Another area of evaluation is looking at blocking B-cell receptor signaling through the inhibition of PI3K kinase activity, said Cymbalista. Historically, PI3K inhibitors demonstrated efficacy but there are notable gastrointestinal toxicities associated with them. New-generation PI3K inhibitors could be more selective or take advantage of dual delta and gamma inhibitors.
Cymbalista then turned to ongoing trials that are exploring the time limited combinations. For example, the ECOG trial NCT03701282 will seek to clarify if triplet combination will be more effective than doublet combinations. Another trial, NCT04608318, is recruiting previously untreated patients with CLL to determine efficacy comparing ibrutinib monotherapy vs fixed-duration venetoclax (Venclexta®; Genentech USA, Inc/AbbVie) plus obinutuzumab (Gazyva®; Genentech, Inc) vs fixed-duration ibrutinib plus venetoclax. She noted, however, that the question of combining or sequencing therapies remains unresolved at this point.
On the horizon, Cymbalista said, there are numerous pathways undergoing evaluation, many of which address disease resistance. There is research on myeloid leukemia cell-1 (MCL-1), a member of the BCL-2 family of proteins. This regulator of apoptosis may resensitize cells that become resistant to venetoclax.
A phase 1/2 study (NCT03088878) is evaluating cirmtuzumab and ibrutinib in mantle cell lymphoma and CLL. Cirmtuzumab is a monoclonal antibody that inhibits ROR1’s tumor-promoting activity and may improve response to ibrutinib.
B-cell activating factor (BAFF) promotes CLL proliferation and the BAFF receptor (BAFF-R) remains expressed during ibrutinib treatment. Trials evaluating VAY-736 are ongoing.
“There are several new pathways that are being targeted right now,” Cymbalista said. “And that might give rise to new drugs in the near future.”
Although there have been major advances in treating CLL, the disease remains incurable in most cases, so there is room for improvement, she added. “Investigators need to keep exploring the sequence of therapies as patients ultimately relapse after frontline approaches. There remains a need to integrate more biological data in order to develop more personalized therapies,” concluded Cymbalista.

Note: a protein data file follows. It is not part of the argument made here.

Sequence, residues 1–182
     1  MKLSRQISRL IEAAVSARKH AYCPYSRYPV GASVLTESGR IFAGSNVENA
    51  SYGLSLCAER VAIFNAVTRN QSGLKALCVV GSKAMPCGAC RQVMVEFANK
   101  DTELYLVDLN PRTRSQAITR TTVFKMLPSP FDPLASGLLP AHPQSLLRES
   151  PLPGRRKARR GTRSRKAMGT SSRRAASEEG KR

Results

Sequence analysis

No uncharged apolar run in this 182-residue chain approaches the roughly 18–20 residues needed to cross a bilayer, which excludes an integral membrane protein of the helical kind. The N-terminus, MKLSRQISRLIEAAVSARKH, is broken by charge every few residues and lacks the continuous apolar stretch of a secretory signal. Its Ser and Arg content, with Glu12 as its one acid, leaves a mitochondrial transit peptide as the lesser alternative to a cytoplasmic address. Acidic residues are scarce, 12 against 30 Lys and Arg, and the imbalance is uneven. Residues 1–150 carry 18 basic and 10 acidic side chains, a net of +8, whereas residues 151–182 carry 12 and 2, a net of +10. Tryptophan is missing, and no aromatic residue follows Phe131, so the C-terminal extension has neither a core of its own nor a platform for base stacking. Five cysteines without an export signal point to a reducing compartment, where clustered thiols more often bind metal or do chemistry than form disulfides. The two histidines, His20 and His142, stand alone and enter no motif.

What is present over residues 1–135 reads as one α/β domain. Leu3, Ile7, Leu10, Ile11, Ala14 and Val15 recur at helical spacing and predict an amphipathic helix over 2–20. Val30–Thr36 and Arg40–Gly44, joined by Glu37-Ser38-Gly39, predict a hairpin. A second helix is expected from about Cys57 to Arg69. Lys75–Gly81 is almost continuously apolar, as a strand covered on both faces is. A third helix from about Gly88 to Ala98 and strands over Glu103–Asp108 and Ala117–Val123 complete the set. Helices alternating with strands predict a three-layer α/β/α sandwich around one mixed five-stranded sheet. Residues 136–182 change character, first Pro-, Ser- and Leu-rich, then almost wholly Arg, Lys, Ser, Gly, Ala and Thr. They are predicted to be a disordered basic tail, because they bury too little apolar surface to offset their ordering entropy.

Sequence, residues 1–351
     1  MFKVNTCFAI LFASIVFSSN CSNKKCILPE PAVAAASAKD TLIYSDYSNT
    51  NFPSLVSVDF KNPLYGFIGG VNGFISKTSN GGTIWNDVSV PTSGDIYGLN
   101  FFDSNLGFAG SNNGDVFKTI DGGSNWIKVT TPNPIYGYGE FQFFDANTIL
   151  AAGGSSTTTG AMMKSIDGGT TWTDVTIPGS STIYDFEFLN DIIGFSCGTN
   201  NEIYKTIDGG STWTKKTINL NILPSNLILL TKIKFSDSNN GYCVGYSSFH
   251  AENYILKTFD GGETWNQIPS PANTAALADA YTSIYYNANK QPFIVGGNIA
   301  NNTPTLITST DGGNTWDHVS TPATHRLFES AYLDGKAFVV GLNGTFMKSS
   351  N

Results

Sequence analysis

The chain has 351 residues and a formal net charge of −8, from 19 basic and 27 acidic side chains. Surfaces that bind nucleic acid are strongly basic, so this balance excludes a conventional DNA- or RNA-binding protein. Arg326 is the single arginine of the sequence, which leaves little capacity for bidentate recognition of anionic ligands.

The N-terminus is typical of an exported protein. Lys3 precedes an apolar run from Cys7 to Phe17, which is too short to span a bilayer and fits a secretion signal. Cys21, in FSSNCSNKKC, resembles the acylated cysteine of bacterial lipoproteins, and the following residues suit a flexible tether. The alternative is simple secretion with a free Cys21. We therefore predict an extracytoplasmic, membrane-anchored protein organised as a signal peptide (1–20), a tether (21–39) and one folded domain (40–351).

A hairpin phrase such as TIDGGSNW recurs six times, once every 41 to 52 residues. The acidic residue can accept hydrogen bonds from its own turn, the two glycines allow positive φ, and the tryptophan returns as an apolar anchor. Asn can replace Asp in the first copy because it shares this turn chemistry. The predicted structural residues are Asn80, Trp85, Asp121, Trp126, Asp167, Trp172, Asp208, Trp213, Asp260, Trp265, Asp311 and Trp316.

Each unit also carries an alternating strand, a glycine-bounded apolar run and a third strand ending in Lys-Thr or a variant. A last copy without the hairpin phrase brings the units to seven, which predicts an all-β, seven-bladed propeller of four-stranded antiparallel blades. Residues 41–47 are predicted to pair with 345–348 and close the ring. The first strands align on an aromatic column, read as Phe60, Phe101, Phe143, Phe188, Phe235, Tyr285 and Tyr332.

1. Cancer stat facts: leukemia – chronic lymphocytic leukemia CLL). National Cancer Institute Surveillance, Epidemiology, and End Results Program. Accessed September 15, 2022. https://bit.ly/3DsU4ds
2. Byrd JC, Hillmen P, Ghia P, et al. Acalabrutinib versus ibrutinib in previously treated chronic lymphocytic leukemia: results of the first randomized phase III trial. J Clin Oncol. 2021;39(31):3441-3452. doi:10.1200/JCO.21.01210
3. Hillmen P, Eichhorst B, Brown JR, et al. First interim analysis of ALPINE study: results of a phase 3 randomized study of zanubrutinib vs ibrutinib in patients with relapsed/refractory chronic lymphocytic leukemia/small lymphocytic lymphoma. European Hematology Association Library. Accessed September 15, 2022. https://bit.ly/3LjzSfC
4. Coombs CC, Pagel JM, Shah NN, et al. Pirtobrutinib (LOXO-305), a next generation, highly selective, non-covalent BTK inhibitor in previously treated CLL/SLL: results from the phase 1/2 BRUIN study. Clin Lymphoma Myeloma Leuk. 2021;21(suppl 1):S315-S315. doi:10.1016/S2152-2650(21)01746-8
5. Burger JA, Barr PM, Robak T, et al. Long-term efficacy and safety of first-line ibrutinib treatment for patients with CLL/SLL: 5 years of follow-up from the phase 3 RESONATE-2 study. Leukemia. 2020;34(3):787-798. doi:10.1038/s41375-019-0602-x
6. Woyach JA, Ruppert AM, Guinn D, et al. BTKC481S-mediated resistance to ibrutinib in chronic lymphocytic leukemia. J Clin Oncol. 2017;35(13):1437-1443. doi:10.1200/JCO.2016.70.2282